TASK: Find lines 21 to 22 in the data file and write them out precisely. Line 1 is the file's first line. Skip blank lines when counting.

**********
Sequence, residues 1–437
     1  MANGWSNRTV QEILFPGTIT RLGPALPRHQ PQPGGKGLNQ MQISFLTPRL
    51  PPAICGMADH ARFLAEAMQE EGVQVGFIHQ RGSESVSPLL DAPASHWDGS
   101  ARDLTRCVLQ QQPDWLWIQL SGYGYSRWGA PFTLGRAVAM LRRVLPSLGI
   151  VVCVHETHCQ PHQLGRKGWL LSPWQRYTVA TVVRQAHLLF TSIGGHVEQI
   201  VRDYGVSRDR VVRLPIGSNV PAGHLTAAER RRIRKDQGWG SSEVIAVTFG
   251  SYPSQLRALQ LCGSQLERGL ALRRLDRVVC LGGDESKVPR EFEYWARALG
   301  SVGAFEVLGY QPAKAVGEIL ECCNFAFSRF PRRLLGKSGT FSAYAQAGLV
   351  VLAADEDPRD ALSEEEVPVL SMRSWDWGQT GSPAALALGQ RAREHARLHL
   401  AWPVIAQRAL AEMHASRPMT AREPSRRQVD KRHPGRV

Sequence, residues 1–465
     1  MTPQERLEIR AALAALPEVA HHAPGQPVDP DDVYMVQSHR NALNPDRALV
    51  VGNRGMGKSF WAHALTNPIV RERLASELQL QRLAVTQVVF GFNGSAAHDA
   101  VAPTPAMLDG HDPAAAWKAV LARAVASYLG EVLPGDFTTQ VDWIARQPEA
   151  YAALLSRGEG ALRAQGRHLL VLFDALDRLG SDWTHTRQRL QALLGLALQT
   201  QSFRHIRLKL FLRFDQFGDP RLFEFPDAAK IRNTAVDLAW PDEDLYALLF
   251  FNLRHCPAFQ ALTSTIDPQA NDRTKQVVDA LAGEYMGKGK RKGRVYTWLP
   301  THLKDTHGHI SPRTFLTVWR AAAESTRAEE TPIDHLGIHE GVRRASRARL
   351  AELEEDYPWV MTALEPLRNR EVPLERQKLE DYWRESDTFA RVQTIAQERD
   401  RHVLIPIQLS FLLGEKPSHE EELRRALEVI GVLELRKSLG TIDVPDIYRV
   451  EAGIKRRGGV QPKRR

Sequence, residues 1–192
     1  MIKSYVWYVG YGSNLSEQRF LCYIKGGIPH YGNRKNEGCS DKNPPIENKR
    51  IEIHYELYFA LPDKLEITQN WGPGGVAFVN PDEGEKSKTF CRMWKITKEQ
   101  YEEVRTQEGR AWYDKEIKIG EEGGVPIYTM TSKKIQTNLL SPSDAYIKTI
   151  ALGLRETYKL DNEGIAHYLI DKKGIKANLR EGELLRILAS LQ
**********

   451  EAGIKRRGGV QPKRR

Sequence, residues 1–192